The early-spring sun has yet to rise over Lake Park on Milwaukee’s east side, where a group of University of Wisconsin-Milwaukee students stands at attention.
The dim, gray light reveals plumes of breath hanging in front of their faces before drifting into the surrounding fog. Caitlin Fielding’s puffs mingle with those of her fellow ROTC cadets, who are here for Friday-morning military science labs. Before they leave, they’ll learn a slew of outdoor-related skills, including the prevention of hypothermia.
This was the college experience Fielding had envisioned since she was a freshman at Spooner High School in northwestern Wisconsin, where she played basketball and ran cross country. And though her father served in the U.S. Army, her mother was the one who put the ROTC idea in her head.
“I mean, I love to exercise, so that kind of sold me already,” says Fielding.
And it’s worked out well. As a sophomore during the spring 2016 semester, Fielding earned an award for most outstanding cadet in her class.
But ROTC involves much more than beating the sun out of bed to exercise. Capt. Michael Imdieke, an adviser to the cadets, refers to the program as a “leadership internship.” The UWM program, a satellite of Marquette’s Golden Eagle Battalion, prepares students to become military officers.
“We don’t want robots,” Imdieke says.
Cadets are involved in many aspects of UWM student life, with the program boasting student athletes and student association representatives among its members. An ROTC program is sending sophomore Wynter Novak to Kyrgyzstan and Poland in the summer. And in summer 2015, junior Vincent Paikowski completed the highly competitive Special Forces precombat diver qualification course.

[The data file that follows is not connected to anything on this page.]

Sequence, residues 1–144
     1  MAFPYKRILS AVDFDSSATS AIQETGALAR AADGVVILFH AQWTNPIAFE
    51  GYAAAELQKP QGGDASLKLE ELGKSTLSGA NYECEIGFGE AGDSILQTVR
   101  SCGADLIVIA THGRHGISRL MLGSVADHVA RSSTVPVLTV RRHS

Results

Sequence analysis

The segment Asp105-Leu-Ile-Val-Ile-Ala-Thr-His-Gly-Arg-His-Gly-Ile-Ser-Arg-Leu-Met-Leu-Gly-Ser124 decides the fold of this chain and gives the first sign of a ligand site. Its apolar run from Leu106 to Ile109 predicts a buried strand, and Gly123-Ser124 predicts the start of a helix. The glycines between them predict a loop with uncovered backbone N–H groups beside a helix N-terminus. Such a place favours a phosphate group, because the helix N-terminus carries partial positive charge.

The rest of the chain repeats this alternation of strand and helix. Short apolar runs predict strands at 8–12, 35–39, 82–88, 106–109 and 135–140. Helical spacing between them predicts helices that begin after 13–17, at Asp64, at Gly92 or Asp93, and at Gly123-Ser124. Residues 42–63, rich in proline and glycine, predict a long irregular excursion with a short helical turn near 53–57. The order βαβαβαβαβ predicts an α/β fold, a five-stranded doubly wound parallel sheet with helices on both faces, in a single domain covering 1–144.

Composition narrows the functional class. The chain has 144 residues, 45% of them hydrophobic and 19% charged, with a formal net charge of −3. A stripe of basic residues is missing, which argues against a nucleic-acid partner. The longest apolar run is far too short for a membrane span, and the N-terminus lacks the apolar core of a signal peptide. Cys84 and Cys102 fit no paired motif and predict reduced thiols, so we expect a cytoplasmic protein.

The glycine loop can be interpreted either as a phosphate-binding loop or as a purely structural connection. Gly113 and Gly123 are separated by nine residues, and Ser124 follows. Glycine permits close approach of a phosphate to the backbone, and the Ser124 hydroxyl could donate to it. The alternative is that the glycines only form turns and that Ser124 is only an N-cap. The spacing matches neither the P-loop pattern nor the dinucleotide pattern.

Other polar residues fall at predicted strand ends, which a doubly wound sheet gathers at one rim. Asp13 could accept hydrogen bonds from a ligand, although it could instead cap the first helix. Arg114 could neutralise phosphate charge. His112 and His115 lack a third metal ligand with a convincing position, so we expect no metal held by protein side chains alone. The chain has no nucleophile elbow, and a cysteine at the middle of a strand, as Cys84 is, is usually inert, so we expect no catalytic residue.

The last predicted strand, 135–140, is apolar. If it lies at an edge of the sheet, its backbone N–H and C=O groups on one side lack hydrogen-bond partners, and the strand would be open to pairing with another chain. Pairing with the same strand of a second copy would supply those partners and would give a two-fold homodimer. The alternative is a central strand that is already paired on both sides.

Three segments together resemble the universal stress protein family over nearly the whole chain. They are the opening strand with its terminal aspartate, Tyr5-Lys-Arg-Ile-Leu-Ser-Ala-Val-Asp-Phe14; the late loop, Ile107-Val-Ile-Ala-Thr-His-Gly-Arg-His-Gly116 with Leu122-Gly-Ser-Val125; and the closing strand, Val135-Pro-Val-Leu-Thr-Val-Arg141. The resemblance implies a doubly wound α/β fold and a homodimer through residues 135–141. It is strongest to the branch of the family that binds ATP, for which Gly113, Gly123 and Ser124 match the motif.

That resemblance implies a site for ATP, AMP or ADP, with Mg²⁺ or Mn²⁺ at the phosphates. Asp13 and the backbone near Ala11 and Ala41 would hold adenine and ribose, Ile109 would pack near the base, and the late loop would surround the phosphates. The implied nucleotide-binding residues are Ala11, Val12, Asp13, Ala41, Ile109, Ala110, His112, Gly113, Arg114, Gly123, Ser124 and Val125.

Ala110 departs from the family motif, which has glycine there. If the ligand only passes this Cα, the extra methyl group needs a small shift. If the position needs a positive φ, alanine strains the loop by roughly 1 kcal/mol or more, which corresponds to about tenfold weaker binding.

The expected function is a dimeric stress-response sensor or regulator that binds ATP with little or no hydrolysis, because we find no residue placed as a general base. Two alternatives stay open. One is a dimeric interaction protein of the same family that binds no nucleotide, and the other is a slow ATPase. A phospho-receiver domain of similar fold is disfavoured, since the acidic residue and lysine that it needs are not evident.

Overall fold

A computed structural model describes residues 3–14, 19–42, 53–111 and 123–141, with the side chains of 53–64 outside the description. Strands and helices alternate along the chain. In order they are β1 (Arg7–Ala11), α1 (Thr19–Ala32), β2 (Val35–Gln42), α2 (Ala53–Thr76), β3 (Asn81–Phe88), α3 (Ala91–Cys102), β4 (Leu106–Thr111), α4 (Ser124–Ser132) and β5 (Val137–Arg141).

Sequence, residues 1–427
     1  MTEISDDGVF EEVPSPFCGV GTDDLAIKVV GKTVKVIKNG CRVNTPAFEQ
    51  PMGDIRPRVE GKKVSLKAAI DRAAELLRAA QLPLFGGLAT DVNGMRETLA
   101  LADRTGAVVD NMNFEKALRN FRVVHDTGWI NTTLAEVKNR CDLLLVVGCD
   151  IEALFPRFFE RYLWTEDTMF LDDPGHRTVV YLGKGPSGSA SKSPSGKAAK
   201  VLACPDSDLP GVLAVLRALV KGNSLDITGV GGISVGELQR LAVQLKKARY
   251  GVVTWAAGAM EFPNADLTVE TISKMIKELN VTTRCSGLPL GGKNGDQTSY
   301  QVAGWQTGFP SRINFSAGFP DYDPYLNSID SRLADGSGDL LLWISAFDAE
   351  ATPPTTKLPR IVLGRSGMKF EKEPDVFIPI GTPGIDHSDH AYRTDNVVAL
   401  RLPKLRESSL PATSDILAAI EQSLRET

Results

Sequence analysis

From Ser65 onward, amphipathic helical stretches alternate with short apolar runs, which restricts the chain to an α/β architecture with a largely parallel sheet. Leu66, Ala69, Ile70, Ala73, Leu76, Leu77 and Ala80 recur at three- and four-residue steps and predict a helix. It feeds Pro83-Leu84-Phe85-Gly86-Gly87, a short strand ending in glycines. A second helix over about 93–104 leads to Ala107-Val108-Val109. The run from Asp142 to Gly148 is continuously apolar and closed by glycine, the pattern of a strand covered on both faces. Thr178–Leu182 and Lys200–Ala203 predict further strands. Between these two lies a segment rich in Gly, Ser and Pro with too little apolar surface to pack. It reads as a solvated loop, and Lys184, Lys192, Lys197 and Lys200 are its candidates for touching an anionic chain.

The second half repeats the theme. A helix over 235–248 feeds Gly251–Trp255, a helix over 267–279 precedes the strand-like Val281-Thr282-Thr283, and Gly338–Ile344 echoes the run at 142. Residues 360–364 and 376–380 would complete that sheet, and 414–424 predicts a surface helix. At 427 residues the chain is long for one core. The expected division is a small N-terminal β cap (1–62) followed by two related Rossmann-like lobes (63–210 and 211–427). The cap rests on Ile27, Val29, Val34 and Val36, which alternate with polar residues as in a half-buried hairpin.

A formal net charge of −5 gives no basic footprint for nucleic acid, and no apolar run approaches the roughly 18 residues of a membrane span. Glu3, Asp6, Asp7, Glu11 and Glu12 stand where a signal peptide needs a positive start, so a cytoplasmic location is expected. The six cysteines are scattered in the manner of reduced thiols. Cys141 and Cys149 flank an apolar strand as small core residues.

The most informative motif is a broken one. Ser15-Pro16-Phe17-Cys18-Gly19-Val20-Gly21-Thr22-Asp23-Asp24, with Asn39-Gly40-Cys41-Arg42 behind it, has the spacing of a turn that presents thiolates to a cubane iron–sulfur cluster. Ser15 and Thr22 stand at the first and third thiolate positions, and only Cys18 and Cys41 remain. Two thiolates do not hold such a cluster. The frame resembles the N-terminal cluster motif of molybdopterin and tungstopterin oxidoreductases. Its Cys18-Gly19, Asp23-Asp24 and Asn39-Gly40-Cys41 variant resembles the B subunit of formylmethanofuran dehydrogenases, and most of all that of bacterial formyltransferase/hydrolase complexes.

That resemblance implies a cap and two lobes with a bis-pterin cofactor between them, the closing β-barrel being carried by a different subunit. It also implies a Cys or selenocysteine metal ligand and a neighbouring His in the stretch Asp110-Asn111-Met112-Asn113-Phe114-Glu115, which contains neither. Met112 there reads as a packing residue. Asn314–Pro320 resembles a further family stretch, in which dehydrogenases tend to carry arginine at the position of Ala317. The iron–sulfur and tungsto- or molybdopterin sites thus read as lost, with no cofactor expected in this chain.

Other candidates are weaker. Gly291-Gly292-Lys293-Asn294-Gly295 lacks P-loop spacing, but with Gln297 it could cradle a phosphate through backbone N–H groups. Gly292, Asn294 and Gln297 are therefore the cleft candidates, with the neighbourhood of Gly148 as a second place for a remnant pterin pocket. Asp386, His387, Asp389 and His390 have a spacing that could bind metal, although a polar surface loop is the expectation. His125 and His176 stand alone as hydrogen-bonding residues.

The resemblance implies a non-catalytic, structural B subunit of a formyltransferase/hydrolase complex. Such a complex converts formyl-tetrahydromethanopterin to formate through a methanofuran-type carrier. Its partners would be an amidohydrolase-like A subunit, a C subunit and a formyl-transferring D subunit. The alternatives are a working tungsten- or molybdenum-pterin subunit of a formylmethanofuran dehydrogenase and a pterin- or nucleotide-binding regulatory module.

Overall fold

After a typical morning workout with her fellow cadets, Fielding walks through campus alert and invigorated, while other students trudge past her with cups of coffee and groggy eyes. In her military science class, she and other students, still sweaty from the morning’s exercises, consider the ethical implications of a captured enemy.
An officer may have to deal with troops who want to harm the prisoner – especially if he’d just attacked their compatriots – and could lose their support by standing firmly against it. The students weigh the various consequences, while Imdieke guides them through other facets they may not have considered.
“You have to sit back and think about it,” Fielding says. “Basically what we’re learning is critical thinking.”
And they’re learning practical skills, too. At that foggy Friday-morning drill in the park, Fielding and other cadets huddled around a pile of twigs and brush. One cadet led a training exercise for building a “Lincoln Log” fire, made by stacking twigs as if building a house with the old-school child’s toy. This helps the fire oxygenate faster, and another cadet noted that the fire was redoxing, “undergoing electron transfer.”
Whether building Lincoln Log fires or extinguishing ethical ones, it’s the diversity of experiences that Fielding relishes. She plays on the ROTC women’s basketball team, has run in the Army Ten Miler in Washington, D.C., and has taken part in Leadership Development Exercises at Fort McCoy in Wisconsin.
Her travels continue this summer, taking her all the way to Madagascar. The trip is part of ROTC’s Cultural Understanding and Language Proficiency Program, and she’ll work with Madagascar’s military on humanitarian efforts.
It’s yet another proving ground for the skills she’s spent so much time honing here, as she did at Lake Park. The sun finally came up and strained through the fog, shedding more light on Fielding and her fellow cadets, all huddled in a circle, working to build a fire with damp twigs and a magnesium strip.